Most overseas writers have to wait for years, even decades, to have their work appear in English, but not Mexican author Valeria Luiselli. Having released a collection of essay-style musings (Sidewalks) and a thought-provoking novel (Faces in the Crowd) which swiftly made it into English translation, she has been showered with critical acclaim, most recently receiving an honourable mention in the 2015 Best Translated Book Award. Of course, with all that success come high expectations, and I’m sure I wasn’t the only reader excited to receive a copy of her latest work – the problem here is that high expectations are rather difficult to live up to…
The Story of My Teeth (translated by Christina MacSweeney, review copy courtesy of Granta Books) is, for the most part, the story of Gustavo Sánchez Sánchez. Born into obscurity in Mexico, by all accounts an unattractive child, he rises from the position of Personnel Crisis Supervisor (he’s always handy in a tricky situation) to become a world-famous auctioneer. He’s a man who can sell anything, equipped with an array of intriguing methods to coax money from the wallets of unsuspecting buyers.
In addition to his rather average looks, dental issues have always plagued Señor Sánchez Sánchez, so he’s very interested when an article in the newspaper catches his eye:
“I read a story that day in the newspaper about a certain local writer who had had all his teeth replaced. The writer, apparently, was able to afford the new dentures and the expensive operation because he’d written a novel.”
p.14 (Granta Books, 2015)
While writing a book might be beyond him, his success in auctioneering eventually enables him to get some replacement dentures of his own, leaving him with a pile of loose teeth. What to do, what to do… Perhaps one last auction?
The Story of My Teeth is, to say the least, an interesting and ambitious book. Short, but fascinating, quirky and tongue-in-cheek, the madcap antics come as a surprise after the melancholy style of Faces in the Crowd. There’s a lot to enjoy here, in terms of both story and writing, but I do wonder whether Luiselli’s existing readership will come along for the ride.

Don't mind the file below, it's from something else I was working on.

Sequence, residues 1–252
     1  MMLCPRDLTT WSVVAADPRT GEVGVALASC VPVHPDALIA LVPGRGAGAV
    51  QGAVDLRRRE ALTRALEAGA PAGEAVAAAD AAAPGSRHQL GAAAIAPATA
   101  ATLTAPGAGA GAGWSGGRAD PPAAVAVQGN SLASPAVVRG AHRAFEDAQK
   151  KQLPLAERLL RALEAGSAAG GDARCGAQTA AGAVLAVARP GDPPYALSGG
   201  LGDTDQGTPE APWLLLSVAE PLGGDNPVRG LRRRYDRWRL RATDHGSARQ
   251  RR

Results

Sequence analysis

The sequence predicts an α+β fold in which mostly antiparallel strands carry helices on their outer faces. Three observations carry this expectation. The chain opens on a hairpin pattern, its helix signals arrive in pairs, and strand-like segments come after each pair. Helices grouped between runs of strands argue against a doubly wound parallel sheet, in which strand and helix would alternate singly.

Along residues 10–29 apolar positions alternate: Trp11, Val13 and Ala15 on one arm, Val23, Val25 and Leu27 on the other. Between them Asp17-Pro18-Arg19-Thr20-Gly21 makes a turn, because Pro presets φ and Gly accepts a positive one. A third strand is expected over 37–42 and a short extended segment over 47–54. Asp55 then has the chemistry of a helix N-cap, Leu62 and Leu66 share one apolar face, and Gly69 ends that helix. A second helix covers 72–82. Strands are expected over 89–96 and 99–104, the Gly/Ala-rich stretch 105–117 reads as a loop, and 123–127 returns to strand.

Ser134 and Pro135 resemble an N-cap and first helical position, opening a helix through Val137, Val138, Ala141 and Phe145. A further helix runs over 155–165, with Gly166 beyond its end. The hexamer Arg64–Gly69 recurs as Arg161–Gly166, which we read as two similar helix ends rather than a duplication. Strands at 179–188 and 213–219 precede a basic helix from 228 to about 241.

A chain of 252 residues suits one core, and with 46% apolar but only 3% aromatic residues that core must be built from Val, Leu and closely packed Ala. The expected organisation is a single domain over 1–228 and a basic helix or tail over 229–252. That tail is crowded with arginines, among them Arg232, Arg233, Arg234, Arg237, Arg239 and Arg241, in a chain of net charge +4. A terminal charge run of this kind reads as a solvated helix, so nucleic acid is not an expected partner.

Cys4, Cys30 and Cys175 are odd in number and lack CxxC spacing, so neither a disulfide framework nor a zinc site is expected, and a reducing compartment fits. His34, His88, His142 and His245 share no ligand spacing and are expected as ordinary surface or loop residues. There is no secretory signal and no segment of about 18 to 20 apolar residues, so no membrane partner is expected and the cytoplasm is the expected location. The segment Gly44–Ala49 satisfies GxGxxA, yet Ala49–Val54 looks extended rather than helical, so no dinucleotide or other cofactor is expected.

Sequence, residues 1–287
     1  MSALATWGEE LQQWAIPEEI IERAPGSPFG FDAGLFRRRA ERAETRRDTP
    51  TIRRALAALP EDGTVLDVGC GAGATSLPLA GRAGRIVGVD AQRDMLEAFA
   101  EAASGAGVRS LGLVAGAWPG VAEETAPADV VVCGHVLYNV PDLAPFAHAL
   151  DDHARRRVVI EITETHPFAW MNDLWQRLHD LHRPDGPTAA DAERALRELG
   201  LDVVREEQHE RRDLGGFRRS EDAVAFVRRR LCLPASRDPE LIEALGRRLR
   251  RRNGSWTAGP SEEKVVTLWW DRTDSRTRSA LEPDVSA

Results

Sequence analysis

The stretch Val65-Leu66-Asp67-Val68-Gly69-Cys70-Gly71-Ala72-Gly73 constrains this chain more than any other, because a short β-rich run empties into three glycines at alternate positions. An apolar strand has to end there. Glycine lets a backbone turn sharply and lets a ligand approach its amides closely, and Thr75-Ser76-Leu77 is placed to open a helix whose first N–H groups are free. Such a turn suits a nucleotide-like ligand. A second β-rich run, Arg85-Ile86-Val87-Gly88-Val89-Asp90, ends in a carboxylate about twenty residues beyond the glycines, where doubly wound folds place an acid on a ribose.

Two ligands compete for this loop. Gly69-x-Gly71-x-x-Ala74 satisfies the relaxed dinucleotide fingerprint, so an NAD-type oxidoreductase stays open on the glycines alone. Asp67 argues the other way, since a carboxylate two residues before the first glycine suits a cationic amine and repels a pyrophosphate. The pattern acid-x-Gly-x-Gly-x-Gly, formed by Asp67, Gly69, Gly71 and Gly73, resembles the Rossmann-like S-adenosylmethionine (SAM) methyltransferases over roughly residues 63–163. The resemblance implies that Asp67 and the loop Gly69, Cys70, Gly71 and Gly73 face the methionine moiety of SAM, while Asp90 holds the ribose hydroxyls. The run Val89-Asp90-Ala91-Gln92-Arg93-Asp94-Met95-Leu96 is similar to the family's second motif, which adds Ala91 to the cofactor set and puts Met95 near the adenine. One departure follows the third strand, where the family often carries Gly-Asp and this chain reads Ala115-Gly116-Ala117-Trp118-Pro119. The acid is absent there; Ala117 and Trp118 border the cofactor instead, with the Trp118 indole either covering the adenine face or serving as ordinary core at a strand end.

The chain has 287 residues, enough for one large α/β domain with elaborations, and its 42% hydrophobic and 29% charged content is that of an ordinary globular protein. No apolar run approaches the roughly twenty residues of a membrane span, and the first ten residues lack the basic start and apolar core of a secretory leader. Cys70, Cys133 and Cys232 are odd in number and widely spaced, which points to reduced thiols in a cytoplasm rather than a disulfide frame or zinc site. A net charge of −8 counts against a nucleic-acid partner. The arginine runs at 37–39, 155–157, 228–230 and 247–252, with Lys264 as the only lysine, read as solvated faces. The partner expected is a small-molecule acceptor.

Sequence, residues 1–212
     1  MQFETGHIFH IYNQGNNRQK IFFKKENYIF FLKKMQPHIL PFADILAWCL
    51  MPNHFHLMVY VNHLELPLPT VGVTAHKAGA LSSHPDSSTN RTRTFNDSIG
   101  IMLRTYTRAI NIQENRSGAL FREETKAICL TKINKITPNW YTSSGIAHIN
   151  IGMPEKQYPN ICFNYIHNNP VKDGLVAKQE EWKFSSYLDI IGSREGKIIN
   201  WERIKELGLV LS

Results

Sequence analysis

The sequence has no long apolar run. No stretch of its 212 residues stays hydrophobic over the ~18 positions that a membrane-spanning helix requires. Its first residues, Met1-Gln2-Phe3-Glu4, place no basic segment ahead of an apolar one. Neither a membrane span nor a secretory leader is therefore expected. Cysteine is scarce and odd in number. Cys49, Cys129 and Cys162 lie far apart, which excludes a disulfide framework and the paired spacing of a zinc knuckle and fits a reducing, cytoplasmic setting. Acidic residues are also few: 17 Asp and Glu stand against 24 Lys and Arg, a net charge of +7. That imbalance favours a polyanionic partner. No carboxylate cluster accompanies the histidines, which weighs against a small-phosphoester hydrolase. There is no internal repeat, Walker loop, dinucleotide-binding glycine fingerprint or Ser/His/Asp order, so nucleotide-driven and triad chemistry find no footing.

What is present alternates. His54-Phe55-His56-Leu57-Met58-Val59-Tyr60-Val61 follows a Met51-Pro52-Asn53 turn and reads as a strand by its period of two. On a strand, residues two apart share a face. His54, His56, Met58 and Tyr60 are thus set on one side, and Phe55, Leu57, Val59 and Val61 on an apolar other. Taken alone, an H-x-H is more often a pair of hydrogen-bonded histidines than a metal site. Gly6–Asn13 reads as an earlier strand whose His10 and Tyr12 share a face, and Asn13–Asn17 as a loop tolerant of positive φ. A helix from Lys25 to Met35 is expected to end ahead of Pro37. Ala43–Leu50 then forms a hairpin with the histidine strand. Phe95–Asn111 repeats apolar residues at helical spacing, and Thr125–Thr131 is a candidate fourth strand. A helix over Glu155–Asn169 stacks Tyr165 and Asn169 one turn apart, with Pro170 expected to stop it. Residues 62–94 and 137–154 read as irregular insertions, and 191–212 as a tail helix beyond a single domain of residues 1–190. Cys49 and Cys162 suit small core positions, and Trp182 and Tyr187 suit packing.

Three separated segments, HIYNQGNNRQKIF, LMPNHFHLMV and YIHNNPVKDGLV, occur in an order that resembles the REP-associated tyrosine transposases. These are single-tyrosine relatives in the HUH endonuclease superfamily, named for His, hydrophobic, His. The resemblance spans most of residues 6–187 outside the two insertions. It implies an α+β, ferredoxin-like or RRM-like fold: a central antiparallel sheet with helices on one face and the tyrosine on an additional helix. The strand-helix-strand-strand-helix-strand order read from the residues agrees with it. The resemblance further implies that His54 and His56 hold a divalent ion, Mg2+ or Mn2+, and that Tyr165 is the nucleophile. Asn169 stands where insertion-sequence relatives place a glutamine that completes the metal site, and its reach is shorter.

The story is certainly entertaining enough. Sánchez Sánchez is an enigmatic fellow, skipping from story to story with a brusque manner and laughs aplenty. He’s kind enough to introduce us to the tricks of his trade, explaining his unique styles of auctioning goods off. Two of the more interesting methods are the allegoric, in which he tells stories tangentially (very tangentially…) related to the item being sold, and the hyperbolic. What’s the hyperbolic, I hear you ask? Well, let’s just say that it appears to involve lying (literally) through his teeth…
Of course, there’s a method in the madness, a deeper, more philosophical side to the story. Gustavo (or Luiselli, if you prefer) is a shameless name-dropper, and many of the anecdotes involve thinly disguised writers, philosophers and mystics who have been pulled into the writer’s web. For example, here’s Uncle Marcelo Sánchez Proust on women:
“You have to find a madame,” he would say, “who tempers the fury that accumulates during the long sleepless hours of men who are sensitive to the elasticity of time.” (pp.66/7)
Quite… À la recherche du dent perdu, perhaps?
Explanations are forthcoming. In the afterword, Luiselli explains how the book developed, a project in which sections were recorded by a voice actor and played to factory workers. Feedback was given, and the next part was created. As the writer says:
“The formula, if there was one, would be something like Dickens + MP3 ÷ Balzac + JPEG.” (p.181)
It’s more a project, an art piece, than a novel (with photographs too). Even the translation, adding MacSweeney’s helpful ‘Chronologic’ (a timeline with the main events of the protagonist’s life and some explanation as to who the people randomly dropped into the text are), is a variation on the original. Also, the last chapter, written from a different viewpoint, helps to put the story into perspective, revealing that all is not quite as it seems.
Yes, it’s all very clever, and it’s obviously fun to try to identify all the literary and philosophical allusions. Other writers mentioned include Enrique Vila-Matas, Sergio Pitol, Virginia Woolf, Yuri Herrera and Alejandro Zambra – oh, and Luiselli herself, of course. At one point there’s even a discussion on what seems suspiciously like an extract from Sidewalks, in which Gustavo strips some of the glamour from the scene…
But is it actually a succesful novel? Here, I’m not so sure. If I’m being mean, The Story of My Teeth appears a bit try-hard, flashy, all smoke and mirrors, and you wonder whether there’s actually anything hidden beneath the sparkly exterior. Of course, it’s quite possible that there is – perhaps I just haven’t been clever enough to get it (which begs the question as to who will – apart from the writer….). In some ways, it’s a book that may make more sense on a second reading. That presumes, though, that there’ll be a second reading. While I was keen to reread Luiselli’s first two books, I can’t say I’m itching to open this one again straight away…
I suspect that I’ll be in the minority here (and I’m certainly not panning the book), but for me The Story of My Teeth doesn’t live up to the standard of Luiselli’s previous work. I’ll give it another go at some point, but I’m not sure I’ll quite unravel the mysteries hidden within Gustavo Sánchez Sánchez’s stories. If anyone can shed more light on it than I’ve done, please let us all know 🙂